- A group of San Francisco Bay Area law firms and legal services providers recently launched the Bay Area Rural Justice Collaborative, dedicated to expanding access to legal services in rural and/or isolated communities throughout the Bay Area. This project is the first of the Association of Pro Bono Counsel's (APBCo) IMPACT Projects to launch. The IMPACT Projects are being created in response to a meeting held in Washington, D.C., in 2012 by Vice President Joe Biden, APBCo board members (including me) and senior management of the board members' firms. Several of the New York projects will be launching this fall.
- Several large law firms have filed the first human trafficking suits in federal court as part of a large pro bono effort in conjunction with the Southern Poverty Law Center. These suits are the first in a series of federal lawsuits to prosecute multiple human trafficking and racketeering allegations against a Gulf Coast marine services company and its network of recruiters and labor brokers.
Beginning today, New York lawyers must disclose on their biennial registration forms how many pro bono hours they provided and how much they made in financial donations to pro bono programs during the previous two years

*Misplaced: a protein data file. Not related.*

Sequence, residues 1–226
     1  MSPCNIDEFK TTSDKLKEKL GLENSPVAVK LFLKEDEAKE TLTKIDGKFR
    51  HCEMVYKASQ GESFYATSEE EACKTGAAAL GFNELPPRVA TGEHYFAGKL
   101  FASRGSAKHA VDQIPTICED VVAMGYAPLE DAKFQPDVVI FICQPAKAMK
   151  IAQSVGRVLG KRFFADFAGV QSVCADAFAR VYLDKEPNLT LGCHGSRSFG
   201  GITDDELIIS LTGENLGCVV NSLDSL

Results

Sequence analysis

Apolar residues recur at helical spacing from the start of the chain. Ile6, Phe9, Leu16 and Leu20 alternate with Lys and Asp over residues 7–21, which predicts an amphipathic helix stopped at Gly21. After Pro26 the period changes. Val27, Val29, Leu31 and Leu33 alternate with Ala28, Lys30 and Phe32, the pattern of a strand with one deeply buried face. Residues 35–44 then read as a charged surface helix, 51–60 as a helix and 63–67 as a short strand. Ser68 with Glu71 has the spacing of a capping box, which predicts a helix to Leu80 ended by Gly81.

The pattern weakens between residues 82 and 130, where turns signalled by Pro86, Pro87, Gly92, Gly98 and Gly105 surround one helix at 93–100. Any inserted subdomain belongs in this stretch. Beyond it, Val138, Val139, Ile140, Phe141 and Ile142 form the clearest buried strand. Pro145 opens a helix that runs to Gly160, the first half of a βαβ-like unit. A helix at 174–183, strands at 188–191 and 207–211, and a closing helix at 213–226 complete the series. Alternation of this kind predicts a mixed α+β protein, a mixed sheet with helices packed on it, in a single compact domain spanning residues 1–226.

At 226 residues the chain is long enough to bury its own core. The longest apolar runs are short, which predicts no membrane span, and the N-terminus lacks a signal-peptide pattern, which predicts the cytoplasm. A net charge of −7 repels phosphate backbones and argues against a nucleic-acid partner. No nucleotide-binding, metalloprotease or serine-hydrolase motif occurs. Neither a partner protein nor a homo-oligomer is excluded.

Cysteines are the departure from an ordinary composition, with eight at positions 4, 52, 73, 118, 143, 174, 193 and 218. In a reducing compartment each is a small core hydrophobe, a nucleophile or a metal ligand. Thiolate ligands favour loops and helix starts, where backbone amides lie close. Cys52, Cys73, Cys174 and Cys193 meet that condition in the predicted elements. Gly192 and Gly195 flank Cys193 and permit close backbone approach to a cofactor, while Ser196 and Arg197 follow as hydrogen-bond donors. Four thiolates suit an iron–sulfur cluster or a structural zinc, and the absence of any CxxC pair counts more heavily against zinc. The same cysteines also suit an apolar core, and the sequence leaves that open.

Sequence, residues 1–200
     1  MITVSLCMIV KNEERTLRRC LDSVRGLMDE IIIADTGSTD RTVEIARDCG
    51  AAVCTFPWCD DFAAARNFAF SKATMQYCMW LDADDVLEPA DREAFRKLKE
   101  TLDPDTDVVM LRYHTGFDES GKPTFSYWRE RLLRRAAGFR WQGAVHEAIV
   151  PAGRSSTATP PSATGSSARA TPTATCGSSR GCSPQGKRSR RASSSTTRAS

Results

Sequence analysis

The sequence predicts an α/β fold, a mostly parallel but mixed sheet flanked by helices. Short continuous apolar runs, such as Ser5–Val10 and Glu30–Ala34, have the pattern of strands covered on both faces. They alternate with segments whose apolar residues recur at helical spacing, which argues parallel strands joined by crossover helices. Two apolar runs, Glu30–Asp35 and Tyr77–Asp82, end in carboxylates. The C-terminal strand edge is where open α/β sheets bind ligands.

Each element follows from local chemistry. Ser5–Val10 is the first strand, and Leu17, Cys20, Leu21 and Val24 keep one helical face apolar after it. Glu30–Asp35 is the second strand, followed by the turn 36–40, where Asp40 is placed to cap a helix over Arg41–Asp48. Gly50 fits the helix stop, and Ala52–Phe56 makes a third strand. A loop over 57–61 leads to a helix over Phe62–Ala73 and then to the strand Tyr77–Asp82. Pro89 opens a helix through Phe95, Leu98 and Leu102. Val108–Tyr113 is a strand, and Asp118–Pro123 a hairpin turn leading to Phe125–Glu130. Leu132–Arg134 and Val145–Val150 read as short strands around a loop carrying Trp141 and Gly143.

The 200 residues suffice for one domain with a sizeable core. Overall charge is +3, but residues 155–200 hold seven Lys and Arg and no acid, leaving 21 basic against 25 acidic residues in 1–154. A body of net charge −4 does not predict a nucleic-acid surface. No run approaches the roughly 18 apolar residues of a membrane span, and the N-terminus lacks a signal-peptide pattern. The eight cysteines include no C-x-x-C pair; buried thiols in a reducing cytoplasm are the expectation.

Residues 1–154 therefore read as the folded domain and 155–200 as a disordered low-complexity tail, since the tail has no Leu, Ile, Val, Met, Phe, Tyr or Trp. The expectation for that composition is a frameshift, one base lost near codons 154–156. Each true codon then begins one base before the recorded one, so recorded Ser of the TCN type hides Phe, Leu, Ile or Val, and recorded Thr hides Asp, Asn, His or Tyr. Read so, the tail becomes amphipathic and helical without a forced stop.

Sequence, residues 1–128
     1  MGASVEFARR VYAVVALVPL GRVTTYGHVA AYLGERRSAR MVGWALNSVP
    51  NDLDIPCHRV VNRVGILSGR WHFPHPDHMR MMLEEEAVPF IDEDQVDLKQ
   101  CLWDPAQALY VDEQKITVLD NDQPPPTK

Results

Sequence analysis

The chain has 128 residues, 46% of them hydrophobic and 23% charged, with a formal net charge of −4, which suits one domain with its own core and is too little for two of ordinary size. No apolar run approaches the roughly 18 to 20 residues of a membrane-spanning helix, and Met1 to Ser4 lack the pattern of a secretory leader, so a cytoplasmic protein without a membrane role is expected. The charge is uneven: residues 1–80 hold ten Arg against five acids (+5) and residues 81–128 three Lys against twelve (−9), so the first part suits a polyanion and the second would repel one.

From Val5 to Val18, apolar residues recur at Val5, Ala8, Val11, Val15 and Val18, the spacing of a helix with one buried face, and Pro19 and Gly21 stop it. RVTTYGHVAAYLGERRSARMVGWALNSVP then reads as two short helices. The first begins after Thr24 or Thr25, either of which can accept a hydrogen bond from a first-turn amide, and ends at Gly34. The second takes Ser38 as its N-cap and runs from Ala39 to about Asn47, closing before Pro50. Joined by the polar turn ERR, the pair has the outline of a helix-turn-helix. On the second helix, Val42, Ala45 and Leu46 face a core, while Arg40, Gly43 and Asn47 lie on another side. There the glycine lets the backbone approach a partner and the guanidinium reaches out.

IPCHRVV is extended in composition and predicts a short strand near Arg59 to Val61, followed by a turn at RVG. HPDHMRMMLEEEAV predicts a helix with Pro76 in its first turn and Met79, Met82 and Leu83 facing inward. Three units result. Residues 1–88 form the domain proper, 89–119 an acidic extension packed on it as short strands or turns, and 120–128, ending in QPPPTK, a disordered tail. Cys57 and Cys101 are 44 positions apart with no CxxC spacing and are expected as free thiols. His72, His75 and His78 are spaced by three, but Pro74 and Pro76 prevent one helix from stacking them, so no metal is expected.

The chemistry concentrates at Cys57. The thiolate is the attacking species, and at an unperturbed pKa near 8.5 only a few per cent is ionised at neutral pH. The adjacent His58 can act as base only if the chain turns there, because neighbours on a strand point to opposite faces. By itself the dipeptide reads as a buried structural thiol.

This wonderful news arrived in my email inbox today from the New York Law Journal. What does this mean? While large law firms generally report their pro bono hours through their firms' reporting to the American Lawyer, Vault, the Pro Bono Institute and others, pro bono hours of New York attorneys in small to mid-sized firms, in-house legal departments, and solo practitioners might often be left unreported in any formal way if they are not captured by legal services providers. This new requirement will allow the courts to get a better sense of these hours and formulate meaningful access to justice programs accordingly.